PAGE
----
What Causes a Broken Reversing Valve?

There are a couple of possible causes for a broken reversing valve. The slide could simply be stuck, in which case the solenoid is unable to force it to switch positions. The second possibility is that the solenoid is broken, which likely means it will need to be replaced. This is often caused by the solenoid losing its magnetism, which usually just happens with age.

So, how can you tell if your reversing valve is broken? It’s not something you can tell just by looking at it. Usually the best way to tell is if your heat pump becomes stuck in one mode or another. That is a good indication that the refrigerant is only flowing one way, which means a problem with the valve.

If you’re having heat pump problems, give Cool Air Mechanical a call and schedule an appointment with one of our highly trained technicians. Our professional heating repair service covers all of Kennesaw, GA.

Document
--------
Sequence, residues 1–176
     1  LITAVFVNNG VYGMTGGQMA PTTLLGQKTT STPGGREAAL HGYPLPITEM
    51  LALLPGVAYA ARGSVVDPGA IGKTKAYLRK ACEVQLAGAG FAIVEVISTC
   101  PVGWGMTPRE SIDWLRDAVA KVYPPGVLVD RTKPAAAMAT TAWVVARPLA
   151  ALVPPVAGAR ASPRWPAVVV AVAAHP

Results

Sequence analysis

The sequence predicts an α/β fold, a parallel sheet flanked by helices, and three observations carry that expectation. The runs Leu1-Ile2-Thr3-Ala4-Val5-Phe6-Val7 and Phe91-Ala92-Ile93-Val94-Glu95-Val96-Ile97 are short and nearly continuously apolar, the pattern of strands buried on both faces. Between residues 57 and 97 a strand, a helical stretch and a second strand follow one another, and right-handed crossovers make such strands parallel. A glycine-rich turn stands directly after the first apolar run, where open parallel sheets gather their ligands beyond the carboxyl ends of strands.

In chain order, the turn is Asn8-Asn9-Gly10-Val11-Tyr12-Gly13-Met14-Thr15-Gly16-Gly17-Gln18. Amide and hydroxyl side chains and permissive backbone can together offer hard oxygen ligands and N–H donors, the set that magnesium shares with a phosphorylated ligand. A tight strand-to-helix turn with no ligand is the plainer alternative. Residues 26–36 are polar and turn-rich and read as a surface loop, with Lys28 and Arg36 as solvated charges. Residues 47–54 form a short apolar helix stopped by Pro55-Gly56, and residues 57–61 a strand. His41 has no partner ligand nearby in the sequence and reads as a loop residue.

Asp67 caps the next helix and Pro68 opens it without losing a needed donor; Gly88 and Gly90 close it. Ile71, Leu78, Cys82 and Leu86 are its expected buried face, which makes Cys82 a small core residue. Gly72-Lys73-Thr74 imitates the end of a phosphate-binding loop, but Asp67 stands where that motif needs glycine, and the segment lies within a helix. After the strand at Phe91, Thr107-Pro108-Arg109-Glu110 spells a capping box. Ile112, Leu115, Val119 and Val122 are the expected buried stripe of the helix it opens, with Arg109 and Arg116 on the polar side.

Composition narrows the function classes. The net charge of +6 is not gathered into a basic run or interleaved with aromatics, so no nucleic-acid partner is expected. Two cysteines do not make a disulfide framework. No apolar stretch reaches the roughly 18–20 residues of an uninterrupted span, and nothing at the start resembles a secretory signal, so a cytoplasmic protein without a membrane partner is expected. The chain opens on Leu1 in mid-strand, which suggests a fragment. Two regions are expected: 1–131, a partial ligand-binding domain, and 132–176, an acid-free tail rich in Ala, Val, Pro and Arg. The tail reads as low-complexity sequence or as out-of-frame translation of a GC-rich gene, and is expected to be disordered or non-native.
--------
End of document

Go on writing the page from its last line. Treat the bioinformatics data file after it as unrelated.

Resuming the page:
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Your Options for New Heating Installation during the fall

Thursday, October 9th, 2014

There is a myriad of heating options available for your home. From heat pumps, to solar, to ductless heating, there is bound to be an option that perfectly fits your heating needs. Let’s take a look at some of your best options for heating installation this fall.

Heat Pumps

Forced air heat pumps are very similar to traditional heating systems, with a few unique qualities that give them an edge. A heat pump is comprised of both an indoor unit and an outdoor unit. The outdoor unit uses coils to draw in thermal energy from the surrounding air. This energy is added to the air in the indoor unit, which is warmed further and then circulated throughout the house. It is this absorption of thermal energy that makes the heat pump so efficient. Heat pumps don’t operate quite as well in extremely cold environments. If you aren’t constantly buried in snow, however, a heat pump could be a great option for you.